This vote could fall right in line with the Final Vote. This way, rookies like Puig, who were not on the roster on Opening Day, would receive an equal shot at a spot in the All-Star Game. Call me crazy, but I think this is a perfect opportunity for Major League Baseball to spark interest in its youngest players.

I realize that plenty of rookies make the All-Star Game every year. In fact, three made the American League roster last year alone. Every year, however, at least of late, it seems like there has been one lightning-rod rookie who has sparked a debate around the All-Star Game. Adding a rookies-only vote like this would keep this debate going on a more positive note and allow Major League Baseball to show off one of its shiny new toys.

In 2012, 19-year-old Harper became the third-youngest All-Star in the Midsummer Classic’s history, behind only Bob Feller and Dwight Gooden. At the time, Harper had only eight home runs and 25 RBIs. The player he was replacing, Stanton, had 19 home runs and 50 RBIs. Naturally, quite a hullabaloo ensued about Harper’s addition to the All-Star roster. At the time, Harper was seen as the cocky rookie who needed to earn his place in the game. I think a few balls were thrown in the vicinity of his backside and rib cage to help him get this through his thick, rookie skull. Everything had been handed to him, of course. Playing the game in gold-plated cleats didn’t help Harper make a case for himself, either.

At least that’s what the “get off my lawn” crowd tells me.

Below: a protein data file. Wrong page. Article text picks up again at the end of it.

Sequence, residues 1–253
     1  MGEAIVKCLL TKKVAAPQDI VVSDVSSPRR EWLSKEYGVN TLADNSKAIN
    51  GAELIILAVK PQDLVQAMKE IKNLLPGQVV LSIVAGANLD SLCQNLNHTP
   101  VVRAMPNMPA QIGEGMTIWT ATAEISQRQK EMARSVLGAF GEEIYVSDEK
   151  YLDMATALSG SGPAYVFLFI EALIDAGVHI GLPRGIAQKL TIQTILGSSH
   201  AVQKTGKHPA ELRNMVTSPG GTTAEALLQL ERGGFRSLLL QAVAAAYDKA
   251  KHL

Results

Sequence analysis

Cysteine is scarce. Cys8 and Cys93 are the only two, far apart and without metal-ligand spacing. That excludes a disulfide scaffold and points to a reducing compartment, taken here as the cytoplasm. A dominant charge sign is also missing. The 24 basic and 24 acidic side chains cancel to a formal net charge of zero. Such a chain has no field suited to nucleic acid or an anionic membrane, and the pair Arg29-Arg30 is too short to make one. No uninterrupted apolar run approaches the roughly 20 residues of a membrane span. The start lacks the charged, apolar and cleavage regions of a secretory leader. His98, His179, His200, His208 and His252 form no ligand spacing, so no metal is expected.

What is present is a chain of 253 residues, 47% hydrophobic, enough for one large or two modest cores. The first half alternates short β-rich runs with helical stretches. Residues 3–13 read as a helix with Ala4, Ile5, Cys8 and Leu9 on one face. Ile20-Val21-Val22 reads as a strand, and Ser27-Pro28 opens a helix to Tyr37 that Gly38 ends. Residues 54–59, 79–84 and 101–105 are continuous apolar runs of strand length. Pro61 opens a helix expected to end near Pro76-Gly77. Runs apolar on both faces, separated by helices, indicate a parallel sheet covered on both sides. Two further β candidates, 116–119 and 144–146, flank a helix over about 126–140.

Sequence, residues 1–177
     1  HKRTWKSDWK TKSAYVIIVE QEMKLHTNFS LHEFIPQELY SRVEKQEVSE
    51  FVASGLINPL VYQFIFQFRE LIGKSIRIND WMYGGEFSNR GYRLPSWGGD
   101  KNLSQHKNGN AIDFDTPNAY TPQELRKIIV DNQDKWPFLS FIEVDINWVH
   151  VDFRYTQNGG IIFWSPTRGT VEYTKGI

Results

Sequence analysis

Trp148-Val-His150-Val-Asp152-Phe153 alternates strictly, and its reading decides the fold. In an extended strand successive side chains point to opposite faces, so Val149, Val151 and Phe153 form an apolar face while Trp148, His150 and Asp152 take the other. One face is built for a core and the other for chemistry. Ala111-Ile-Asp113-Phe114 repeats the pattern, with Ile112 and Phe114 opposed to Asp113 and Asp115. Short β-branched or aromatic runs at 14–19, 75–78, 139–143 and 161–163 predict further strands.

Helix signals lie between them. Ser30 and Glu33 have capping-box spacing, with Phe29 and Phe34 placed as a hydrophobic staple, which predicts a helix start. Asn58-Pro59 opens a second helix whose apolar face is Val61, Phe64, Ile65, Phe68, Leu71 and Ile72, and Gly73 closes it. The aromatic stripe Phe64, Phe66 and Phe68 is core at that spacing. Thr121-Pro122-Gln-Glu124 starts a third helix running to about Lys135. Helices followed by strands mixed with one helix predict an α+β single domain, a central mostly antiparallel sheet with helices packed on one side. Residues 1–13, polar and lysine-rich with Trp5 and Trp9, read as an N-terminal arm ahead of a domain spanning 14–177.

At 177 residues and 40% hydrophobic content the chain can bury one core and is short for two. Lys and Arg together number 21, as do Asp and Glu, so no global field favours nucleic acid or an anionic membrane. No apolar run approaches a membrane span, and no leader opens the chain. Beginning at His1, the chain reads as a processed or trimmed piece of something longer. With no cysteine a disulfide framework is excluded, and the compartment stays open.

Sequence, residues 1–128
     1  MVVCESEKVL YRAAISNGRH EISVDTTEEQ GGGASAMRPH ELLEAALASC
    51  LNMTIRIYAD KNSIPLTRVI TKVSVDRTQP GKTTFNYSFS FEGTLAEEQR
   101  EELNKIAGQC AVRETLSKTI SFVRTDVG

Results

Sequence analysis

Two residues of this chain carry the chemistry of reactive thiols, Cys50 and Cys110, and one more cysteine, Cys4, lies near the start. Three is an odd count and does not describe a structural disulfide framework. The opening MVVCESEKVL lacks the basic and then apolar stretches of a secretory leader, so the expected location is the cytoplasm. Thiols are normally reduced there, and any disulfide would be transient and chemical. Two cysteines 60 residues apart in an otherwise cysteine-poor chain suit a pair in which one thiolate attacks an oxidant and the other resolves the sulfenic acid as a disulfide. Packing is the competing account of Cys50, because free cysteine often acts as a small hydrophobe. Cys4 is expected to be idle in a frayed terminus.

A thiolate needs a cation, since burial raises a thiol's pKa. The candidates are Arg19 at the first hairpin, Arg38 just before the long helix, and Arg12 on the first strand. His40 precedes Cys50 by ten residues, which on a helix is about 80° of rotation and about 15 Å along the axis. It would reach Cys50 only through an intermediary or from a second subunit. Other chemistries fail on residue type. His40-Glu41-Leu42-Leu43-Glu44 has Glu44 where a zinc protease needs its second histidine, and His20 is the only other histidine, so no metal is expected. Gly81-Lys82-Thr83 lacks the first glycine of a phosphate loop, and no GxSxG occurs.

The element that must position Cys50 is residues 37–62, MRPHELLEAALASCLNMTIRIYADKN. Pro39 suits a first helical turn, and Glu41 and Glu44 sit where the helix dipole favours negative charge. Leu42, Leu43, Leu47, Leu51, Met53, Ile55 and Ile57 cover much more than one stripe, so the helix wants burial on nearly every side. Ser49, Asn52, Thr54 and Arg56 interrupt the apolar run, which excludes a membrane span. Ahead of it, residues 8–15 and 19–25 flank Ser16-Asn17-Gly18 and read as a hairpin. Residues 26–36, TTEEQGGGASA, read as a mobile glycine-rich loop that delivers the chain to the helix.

What the grumpy old men won’t tell you, of course, is that Chipper Jones was also on the All-Star roster that season. Jones, in his final Major League season, was having himself a respectable send-off year, batting .318 with six home runs and 33 RBIs at the All-Star break. Those are much better numbers than the .240/.270/.324 line Cal Ripken brought with him to the 2001 All-Star Game in Seattle. Ripken, like Jones, was making his final All-Star appearance and earned MVP honors after taking what may or may not have been a meatball from Chan Ho Park into the Safeco Field bullpen.

There are plenty of examples of players being trotted out for a ceremonial All-Star appearance in their final season. No one questioned Derek Jeter‘s place in the lineup last year as he slugged his way to a replacement-level final season. This makes you wonder, does playing twenty seasons in the Major Leagues bequeath some birthright to playing in the All-Star Game?

Yasiel Puig was the most exciting player in the first half of the 2013 season. He was the mysterious Cuban import that most of us on the East Coast, by virtue of being productive human adults with full time jobs, were unable to get a look at as he played most of his games right as our heads were touching down on the pillow for the night. In 38 games after debuting in June, Puig slashed .391/.422/.616 with eight home runs and 19 RBIs. But was he an All-Star?

Of course not! It would be so silly to let an exciting young rookie show off for the entire country in an exhibition game!

If the players who are about to become a part of baseball’s past, like Ripken, Jones, and Jeter, can be honored at the All-Star Game, why can’t its future be honored right alongside them. Baseball has long been rooted in the past, and its time-honored tradition of kicking rookies to the curb needs to change. The world would not have ended if Yasiel Puig had been selected to the 2013 All-Star Game, but I can guarantee that more eyeballs in the ever critical 18-to-34 age bracket would have been glued to Fox watching the game.

I’m not calling for an NBA-style Rookies vs. Sophomores sideshow. That’s not necessary for baseball, but what the game does need to do is recognize that the All-Star Game is for the fans. If the fans want to see Bryce Harper in the All-Star Game after only 63 career games, then so be it. The All-Star Game has already been diluted (15 pitchers for nine innings, really?). Would it really take away from the game to add one deserving rookie to the roster each season. I think not.